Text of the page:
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'The Last King of Scotland'
to Screen at UW-Eau Claire March 1-4

RELEASED: Feb. 15, 2007

poster for Last King of ScotlandEAU CLAIRE — "The Last King of Scotland" — a fictional film that casts a light on the horrifically true character of Idi Amin, one of the most brutal military dictators to wield power in post-independence Africa — will be presented March 1-4 at the University of Wisconsin-Eau Claire. Starring Oscar nominee Forest Whitaker, who has received or been nominated for virtually every Best Actor award there is for his performance, the film will screen at 6 and 8:30 p.m. Thursday through Sunday in Davies Theatre.

Directed by Kevin MacDonald, "The Last King of Scotland" stars James McAvoy as the fictional Nicholas Garrigan, a young Scottish doctor sent on a medical mission to Uganda in 1971. By fluke, Garrigan becomes entangled with one of the world's most barbaric figures: Idi Amin, the newly self-appointed Ugandan president. Impressed by Garrigan's brazen demeanor in a moment of crisis, Amin chooses him as his personal physician and closest confidante. Flattered and fascinated by his new position, the willfully ignorant Garrigan gradually awakens to Amin's savagery — and his own complicity in an eight-year reign of terror that left as many as half a million dead.

"'The Last King of Scotland,' based on Giles Foden's 1998 novel, begins as a comedy and ends up a bad dream, a cautionary tale about the dark corners into which political — and youthful — naivet can lead you," wrote Salon.com's Stephanie Zacharek. "Forest Whitaker doesn't so much play Idi Amin as slip into his skin. He incites dread even as he radiates charm. ... Whitaker's Amin is shaped like a bear, so seemingly harmless with his quaint, rolling walk, his chest puffed out of his general's uniform as if the gold buttons marching down can barely contain his inflated ego. What kind of harm could this rotund, congenial fellow possibly do? Whitaker doesn't shy away from that question, and the answer he gives us is like a bullet to the gut. The character of Nicholas is a fictional one, or, rather, a composite: Foden based him on a number of real people who were part of Amin's inner circle (and who were lucky enough to escape). But Whitaker's Amin is bitterly real."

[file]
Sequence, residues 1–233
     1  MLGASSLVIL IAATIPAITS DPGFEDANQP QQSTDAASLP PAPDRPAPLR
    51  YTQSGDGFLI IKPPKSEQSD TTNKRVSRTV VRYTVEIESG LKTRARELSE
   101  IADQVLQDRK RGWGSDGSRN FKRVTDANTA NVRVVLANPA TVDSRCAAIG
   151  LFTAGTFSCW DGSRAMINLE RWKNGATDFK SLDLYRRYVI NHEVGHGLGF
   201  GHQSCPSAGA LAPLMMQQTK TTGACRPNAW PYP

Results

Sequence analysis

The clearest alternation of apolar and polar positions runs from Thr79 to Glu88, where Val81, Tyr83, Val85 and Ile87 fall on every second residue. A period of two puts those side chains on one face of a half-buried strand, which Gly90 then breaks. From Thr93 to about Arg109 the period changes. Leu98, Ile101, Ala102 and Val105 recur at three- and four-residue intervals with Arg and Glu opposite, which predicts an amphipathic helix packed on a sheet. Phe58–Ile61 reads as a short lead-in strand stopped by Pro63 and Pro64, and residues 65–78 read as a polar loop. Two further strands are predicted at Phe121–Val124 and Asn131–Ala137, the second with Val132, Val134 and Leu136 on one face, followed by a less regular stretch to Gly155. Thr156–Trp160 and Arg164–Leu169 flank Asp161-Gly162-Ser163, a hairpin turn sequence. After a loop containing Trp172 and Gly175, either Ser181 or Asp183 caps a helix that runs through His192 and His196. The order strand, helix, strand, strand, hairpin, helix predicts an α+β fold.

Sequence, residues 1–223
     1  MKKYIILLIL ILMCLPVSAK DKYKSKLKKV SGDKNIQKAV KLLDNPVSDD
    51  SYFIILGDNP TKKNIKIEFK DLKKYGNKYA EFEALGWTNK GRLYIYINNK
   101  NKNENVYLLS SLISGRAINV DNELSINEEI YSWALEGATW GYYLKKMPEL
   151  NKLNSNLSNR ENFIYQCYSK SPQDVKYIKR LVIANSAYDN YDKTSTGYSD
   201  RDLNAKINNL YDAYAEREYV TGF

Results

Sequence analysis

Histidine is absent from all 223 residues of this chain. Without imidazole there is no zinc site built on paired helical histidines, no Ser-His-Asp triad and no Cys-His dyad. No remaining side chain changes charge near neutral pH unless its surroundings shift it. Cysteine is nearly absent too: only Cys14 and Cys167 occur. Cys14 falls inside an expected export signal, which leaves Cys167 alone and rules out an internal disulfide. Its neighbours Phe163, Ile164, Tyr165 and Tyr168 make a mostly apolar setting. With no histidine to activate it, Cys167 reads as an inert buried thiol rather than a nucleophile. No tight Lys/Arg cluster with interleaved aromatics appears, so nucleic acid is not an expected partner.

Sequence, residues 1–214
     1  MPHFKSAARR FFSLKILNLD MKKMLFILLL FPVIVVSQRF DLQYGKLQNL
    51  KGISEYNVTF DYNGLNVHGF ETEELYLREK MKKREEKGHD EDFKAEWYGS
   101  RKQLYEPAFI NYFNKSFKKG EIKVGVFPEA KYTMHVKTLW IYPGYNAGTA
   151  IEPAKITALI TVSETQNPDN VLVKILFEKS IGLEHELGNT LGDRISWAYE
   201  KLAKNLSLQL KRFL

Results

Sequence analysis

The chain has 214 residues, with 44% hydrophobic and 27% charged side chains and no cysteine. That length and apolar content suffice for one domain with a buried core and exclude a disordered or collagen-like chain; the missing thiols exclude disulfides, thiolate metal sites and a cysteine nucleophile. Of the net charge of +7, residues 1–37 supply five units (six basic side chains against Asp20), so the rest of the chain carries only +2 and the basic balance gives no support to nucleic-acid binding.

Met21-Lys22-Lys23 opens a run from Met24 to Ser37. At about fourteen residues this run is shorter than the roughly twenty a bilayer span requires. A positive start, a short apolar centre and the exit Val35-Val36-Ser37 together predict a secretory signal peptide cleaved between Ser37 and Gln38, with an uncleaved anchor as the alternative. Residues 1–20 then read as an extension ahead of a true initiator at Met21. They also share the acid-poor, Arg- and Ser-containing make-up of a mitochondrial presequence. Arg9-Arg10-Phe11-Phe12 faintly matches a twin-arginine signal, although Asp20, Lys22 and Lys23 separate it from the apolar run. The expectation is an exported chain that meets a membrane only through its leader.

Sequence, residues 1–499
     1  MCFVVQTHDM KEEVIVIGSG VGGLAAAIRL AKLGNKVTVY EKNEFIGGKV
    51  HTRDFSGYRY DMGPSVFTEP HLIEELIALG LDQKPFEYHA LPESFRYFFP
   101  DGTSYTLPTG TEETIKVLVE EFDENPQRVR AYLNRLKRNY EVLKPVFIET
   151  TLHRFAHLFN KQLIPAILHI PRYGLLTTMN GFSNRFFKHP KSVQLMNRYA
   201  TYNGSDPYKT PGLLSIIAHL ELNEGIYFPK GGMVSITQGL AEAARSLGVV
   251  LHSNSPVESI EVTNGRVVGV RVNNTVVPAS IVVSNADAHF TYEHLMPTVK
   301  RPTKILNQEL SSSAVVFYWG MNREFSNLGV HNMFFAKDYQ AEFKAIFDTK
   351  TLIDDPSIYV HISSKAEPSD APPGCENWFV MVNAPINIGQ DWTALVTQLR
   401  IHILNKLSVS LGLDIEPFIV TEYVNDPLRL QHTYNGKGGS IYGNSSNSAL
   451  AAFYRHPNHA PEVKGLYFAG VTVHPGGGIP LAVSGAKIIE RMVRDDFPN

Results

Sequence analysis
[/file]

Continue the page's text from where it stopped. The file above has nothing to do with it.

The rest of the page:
"From beginning to end, this film is about the monstrous Amin and the way Forest Whitaker has truly channeled him," wrote the Chicago Sun-Times. "This is a must-see film — to witness Whitaker's unbelievable performance, if for no other reason — and there are many of them."

Costarring Kerry Washington and Gillian Anderson, "The Last King of Scotland" runs 123 minutes and is rated R.

Admission is $2 for International Film Society members and UW-Eau Claire faculty and staff and $1 for UW-Eau Claire students. Tickets are available at the University Service Center, 715-836-3727, in Davies Center's east lobby and at the door.

The film is sponsored by the International Film Society.

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JS/NW

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